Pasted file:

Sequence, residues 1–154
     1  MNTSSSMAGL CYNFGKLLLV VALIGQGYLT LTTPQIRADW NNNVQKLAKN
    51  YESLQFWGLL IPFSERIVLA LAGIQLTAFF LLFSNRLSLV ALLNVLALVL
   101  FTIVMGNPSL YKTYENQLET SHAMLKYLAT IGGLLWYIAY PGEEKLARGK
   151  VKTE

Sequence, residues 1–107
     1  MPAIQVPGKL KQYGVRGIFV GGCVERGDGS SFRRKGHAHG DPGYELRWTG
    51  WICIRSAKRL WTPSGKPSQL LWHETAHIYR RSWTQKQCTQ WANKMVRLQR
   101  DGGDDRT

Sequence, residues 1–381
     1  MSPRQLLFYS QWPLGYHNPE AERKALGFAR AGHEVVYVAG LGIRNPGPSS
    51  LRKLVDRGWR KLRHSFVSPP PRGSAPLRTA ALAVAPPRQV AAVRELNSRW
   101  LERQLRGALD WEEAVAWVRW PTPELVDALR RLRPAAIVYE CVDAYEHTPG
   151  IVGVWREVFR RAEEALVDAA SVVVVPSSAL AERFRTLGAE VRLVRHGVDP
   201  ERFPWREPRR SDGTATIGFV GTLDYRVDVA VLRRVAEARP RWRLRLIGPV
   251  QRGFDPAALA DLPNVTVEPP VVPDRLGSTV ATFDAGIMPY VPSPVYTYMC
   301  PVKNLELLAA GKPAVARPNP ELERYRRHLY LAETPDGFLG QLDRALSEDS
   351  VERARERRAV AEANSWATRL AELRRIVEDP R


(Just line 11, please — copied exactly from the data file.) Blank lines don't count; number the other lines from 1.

     1  MSPRQLLFYS QWPLGYHNPE AERKALGFAR AGHEVVYVAG LGIRNPGPSS